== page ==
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Training Routine and Five Phase Cycle
(9/12/02 to 2/1/03)

by Gary F. Zeolla

I competed rather successfully in powerlifting in college in the 114 and 123 pound weight classes (I'm 5'1"). But for health reason I had to stop competing in 1982 and then stop lifting altogether in 1985. Over the next 13 years I did very little to stay in shape. But in 1998 I started working out with Nautilus equipment. Then in the summer of 2001, I began using free weights for the first time since college. But in the fall of that year I had stop lifting once again for health reasons.

After several months off , I began lifting again at the end of June 2002. I started with very light weights and gradually increased the weights, doing two sets of 10 reps for all lifts. By the end of August my lifting was going rather well. For details on my training during this time period, see the two-part article Initial Training Routine; Spring to Fall 2002.

By the end of the August 2002, my training was going so well I had thoughts of competing again. But then, I had a major flare-up of my health problems and had to take two weeks off. When I was feeling better, I started lifting again on September 12. When I did, to give me a goal, I decided to start working towards doing max singles. I would see how that went and then decide if I wanted to try competing again.

Below is the training routine and cycle that I used to prepare to do the max singles . I also wanted to put some bodyweight back on. In college, my training weight was about 125-130 pounds. After I stopped lifting weights, it dropped down to 112 pounds. I then went up to about 116 pounds by the summer of 2001 due to working out with Nautilus and then free weights. But then, due to health problems it dropped to a low of 106 pounds in the spring of 2002. I should also note that as of this writing I am 41 years old.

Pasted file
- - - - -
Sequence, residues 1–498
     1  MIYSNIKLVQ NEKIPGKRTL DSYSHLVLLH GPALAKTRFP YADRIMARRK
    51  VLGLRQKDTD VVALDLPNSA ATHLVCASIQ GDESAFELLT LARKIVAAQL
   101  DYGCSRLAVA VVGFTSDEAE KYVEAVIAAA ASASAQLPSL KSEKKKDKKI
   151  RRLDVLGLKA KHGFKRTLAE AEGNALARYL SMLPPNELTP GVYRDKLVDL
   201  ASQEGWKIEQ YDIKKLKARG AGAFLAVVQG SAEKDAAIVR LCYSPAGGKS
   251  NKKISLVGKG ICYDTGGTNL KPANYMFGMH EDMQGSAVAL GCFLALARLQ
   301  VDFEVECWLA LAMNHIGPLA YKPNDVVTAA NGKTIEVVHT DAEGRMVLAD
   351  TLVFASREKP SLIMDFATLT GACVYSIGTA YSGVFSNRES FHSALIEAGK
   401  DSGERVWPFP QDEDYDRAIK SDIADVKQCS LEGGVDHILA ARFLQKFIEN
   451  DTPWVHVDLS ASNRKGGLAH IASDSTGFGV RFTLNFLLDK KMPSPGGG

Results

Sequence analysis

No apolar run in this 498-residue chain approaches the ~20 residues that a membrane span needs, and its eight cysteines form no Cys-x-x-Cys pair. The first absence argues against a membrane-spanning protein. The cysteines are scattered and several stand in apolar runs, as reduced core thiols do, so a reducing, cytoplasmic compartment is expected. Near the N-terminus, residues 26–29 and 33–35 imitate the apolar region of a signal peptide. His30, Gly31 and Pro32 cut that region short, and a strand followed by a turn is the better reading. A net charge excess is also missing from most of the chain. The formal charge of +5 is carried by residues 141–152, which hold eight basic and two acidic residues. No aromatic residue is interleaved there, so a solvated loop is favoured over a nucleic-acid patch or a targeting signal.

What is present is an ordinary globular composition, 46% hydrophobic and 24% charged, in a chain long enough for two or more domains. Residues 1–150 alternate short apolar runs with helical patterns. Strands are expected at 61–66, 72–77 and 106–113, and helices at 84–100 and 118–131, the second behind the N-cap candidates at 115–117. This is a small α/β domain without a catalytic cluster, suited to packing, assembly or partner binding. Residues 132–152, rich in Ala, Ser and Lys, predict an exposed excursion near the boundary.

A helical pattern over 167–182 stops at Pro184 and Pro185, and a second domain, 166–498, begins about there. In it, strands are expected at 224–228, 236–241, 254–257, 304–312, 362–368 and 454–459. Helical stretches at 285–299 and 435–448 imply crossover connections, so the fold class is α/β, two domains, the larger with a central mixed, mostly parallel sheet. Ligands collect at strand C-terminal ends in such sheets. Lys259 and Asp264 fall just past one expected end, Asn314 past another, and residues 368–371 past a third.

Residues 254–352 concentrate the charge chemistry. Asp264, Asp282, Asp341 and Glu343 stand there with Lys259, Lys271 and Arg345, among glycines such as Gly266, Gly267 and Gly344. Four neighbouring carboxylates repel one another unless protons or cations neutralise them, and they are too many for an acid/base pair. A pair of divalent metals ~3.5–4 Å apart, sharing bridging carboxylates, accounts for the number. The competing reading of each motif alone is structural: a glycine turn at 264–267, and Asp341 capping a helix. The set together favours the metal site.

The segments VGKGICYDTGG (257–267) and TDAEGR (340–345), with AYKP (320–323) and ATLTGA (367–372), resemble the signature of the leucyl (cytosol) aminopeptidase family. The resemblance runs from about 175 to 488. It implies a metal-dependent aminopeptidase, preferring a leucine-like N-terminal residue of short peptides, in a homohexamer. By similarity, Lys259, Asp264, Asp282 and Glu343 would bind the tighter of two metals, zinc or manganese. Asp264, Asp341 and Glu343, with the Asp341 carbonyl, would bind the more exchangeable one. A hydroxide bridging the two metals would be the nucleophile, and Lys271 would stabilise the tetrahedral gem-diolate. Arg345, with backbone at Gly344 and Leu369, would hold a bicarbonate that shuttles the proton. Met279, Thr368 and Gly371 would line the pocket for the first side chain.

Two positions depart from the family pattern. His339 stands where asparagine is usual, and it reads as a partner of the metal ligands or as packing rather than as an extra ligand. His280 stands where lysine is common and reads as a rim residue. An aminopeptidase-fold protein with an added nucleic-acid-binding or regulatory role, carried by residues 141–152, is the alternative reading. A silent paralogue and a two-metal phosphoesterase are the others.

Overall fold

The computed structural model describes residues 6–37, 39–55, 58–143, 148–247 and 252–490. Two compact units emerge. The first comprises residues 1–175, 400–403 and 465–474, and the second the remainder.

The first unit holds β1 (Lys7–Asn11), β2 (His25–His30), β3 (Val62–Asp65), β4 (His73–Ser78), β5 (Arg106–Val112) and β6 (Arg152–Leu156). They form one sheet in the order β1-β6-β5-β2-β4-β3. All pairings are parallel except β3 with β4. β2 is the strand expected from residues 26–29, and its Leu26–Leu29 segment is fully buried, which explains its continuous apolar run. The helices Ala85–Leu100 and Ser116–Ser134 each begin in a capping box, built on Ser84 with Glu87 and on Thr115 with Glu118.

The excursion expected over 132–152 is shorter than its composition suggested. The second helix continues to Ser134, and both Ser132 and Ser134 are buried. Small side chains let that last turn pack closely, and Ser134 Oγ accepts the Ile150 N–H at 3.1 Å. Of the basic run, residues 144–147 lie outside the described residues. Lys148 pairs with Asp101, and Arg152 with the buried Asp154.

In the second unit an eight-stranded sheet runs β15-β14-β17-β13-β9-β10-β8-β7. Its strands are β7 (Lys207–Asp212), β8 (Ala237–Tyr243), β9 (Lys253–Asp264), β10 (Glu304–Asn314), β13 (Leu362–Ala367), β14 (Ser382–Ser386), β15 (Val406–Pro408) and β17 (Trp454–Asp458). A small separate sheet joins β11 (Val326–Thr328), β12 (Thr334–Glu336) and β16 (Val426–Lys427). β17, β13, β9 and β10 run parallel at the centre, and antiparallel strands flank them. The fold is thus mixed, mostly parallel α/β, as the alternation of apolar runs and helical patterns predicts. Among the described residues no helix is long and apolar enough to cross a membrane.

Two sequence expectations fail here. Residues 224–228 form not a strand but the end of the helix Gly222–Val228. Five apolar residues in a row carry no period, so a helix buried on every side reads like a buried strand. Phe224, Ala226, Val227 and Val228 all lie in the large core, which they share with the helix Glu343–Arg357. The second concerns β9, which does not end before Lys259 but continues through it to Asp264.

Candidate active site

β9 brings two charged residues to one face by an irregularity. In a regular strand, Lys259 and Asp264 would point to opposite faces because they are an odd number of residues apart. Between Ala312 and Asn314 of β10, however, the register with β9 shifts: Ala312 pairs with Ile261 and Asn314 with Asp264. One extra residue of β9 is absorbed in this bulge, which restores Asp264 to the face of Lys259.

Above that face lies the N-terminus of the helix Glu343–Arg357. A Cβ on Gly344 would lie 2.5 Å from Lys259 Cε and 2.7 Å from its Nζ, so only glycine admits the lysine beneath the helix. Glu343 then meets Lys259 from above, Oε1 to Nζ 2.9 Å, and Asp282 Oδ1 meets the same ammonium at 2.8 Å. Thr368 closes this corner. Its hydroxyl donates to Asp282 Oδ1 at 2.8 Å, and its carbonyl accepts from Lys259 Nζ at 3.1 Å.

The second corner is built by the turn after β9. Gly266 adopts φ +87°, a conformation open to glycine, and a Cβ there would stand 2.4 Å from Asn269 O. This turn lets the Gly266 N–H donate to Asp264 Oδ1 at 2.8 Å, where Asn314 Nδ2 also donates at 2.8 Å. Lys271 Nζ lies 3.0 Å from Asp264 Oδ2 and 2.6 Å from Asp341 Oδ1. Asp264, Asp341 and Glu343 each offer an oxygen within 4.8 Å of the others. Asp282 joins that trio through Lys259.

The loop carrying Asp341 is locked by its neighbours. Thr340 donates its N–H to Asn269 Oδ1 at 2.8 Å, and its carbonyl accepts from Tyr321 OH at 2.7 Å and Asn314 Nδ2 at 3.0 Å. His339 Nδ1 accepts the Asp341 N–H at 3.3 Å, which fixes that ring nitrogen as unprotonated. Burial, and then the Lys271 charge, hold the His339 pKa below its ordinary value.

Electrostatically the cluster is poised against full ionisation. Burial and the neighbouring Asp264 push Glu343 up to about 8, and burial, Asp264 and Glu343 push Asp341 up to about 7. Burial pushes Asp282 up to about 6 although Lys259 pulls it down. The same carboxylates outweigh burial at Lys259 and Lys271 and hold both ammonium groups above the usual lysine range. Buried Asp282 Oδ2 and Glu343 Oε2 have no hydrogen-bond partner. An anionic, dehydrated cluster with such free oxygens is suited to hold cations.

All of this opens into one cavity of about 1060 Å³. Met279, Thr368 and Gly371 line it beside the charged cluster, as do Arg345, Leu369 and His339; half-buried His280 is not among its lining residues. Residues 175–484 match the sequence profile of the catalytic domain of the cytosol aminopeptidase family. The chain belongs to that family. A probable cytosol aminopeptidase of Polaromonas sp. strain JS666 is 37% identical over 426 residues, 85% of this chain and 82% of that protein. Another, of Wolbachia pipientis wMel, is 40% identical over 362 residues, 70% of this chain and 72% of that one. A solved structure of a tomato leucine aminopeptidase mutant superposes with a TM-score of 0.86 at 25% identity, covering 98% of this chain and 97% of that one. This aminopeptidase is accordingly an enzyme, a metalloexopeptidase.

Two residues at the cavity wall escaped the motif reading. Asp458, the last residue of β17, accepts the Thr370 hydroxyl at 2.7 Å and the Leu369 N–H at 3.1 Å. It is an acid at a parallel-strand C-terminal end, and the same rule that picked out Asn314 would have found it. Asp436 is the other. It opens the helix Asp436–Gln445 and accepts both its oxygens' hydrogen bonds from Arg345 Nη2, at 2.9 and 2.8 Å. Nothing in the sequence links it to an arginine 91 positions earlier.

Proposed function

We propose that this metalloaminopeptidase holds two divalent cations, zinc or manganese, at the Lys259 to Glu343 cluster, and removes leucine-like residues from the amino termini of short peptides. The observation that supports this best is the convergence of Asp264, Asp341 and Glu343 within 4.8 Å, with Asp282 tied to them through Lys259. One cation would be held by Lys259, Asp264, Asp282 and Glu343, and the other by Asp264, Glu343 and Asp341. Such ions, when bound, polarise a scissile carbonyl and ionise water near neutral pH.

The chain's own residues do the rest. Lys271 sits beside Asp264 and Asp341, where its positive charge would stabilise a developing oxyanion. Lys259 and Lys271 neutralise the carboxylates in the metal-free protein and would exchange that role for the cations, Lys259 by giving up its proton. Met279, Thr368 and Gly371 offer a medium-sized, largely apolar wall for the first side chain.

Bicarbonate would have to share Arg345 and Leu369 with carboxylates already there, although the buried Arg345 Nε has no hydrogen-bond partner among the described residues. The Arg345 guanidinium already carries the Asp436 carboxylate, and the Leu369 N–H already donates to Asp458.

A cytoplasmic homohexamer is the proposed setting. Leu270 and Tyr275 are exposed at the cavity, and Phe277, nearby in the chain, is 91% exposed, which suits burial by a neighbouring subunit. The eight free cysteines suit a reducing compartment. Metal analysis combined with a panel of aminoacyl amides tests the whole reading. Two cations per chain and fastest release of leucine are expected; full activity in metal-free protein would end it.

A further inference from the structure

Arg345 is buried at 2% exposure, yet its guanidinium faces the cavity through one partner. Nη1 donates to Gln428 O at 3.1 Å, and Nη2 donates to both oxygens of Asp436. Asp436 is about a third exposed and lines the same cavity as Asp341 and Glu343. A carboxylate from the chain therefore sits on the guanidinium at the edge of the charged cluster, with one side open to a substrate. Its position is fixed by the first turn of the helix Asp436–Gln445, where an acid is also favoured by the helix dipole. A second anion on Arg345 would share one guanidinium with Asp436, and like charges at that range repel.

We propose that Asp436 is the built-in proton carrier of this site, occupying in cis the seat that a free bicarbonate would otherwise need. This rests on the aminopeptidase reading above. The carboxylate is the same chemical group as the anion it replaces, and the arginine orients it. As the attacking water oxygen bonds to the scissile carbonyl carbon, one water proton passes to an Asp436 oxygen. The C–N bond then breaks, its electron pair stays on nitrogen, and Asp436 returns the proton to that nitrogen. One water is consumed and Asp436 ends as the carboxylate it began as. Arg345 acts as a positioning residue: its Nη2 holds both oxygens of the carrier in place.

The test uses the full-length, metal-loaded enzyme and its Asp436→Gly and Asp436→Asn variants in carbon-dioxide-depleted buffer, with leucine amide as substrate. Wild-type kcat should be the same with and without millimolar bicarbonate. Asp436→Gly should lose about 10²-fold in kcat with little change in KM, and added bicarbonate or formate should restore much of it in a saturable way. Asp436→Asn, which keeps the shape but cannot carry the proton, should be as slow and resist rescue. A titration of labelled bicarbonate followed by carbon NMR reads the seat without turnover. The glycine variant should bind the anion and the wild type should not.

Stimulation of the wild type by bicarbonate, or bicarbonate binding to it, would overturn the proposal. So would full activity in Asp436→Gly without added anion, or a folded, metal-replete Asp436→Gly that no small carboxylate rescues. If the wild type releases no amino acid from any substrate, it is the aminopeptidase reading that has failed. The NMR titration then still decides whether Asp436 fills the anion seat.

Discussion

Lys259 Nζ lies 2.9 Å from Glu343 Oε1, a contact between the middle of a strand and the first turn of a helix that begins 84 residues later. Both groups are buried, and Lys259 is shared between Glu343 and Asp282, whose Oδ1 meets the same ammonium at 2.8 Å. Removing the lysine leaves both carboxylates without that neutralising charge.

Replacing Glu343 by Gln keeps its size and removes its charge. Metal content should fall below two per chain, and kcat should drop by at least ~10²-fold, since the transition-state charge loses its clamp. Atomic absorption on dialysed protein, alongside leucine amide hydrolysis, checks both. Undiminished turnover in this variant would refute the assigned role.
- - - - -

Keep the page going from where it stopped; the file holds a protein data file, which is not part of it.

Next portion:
Training Routine

I followed the first routine posted at Powerlifting and Strength Training Routines until the end of 2002. I was lifting three times per week, alternating two different workouts. But at that point, as I began handling more weight on squats and deadlifts, alternating these lifts in this fashion was getting to be much for my legs. So starting with my first workout in 2003, I switched to a four day per week split routine like the second routine listed on the Powerlifting Routines page. But since I followed the 3x/week routine for most of this cycle, below are the last two workouts from this routine.

I use a treadmill for about five minutes before my workout for a general body warm-up. I also do a set without weights before most exercises to warm-up and stretch the involved muscles.

All weights are in pounds. In parentheses is the rep range I was using for the exercise at the time of these workouts. The weights are then given before the slash and the number of reps after the slash. Warm-up sets are in brackets.

Day One: 12/30/02 - Monday:
Squats (2-4) - [45/10, 135/8, 165/5, 200/3, 230/1] - 255/3, 255/2
Calf Raises (8-12) - [80/7] - 100/12, 100/12
Bench Press (2-4) - [45/10, 95/8, 115/5, 130/3, 144/1] - 160/4, 160/4
Press (4-6) - [70/7] - 90/5, 90/5
Dumbbell Rows (5-12) - [30/7] - 40/11, 40/10
Lat. Pulldown - (8-10) - [50/7] - 65/10, 65/10
Crunches (6-13) - [0/7] - 20/13, 20/13

Day Two: 12/28/02 - Saturday:
Dead Lift (sumo, 2-4) - [45/10, 135/8, 205/5, 240/3, 270/1] - 300/3, 300/2
Stiff Leg Dead Lifts (4-6) - [135/7] - 165/6, 165/6
Close Grip Bench (4-6) - [45/10, 95/8, 115/5, 135/3] - 145/5, 145/5
Dumbbell Bench Press (5-12) - [40's/7] - 50's/11, 50's/11
Alternating Rotating Dumbbell Curls (6-13) - [15's/7] - 20's/12, 20's/11
Reverse Curls (8-12) - [35/7] - 45/11, 45/9
Bike Ab Exercise - 20, 15

After my workouts I stretch for about 15-20 minutes.

Training Cycle

Since it has been so long since I did low reps in any strength training capacity, I decided that the best way to prepare to do max singles would be to use a cycle method of gradually decreasing the reps over a period of several months. This would gradually prepare my body for the rigors of doing max singles. I will describe in detail my plans as they could easily be used to prepare for a contest. My plans were for each phase of the five-phase cycle to last at least 5 workouts for each powerlift (except for the last phase).

Note: I use a range for my reps rather than a specific number because of the way I perform my sets. I work almost to failure, but I stop before missing a rep.

The Five Phases

Phase One: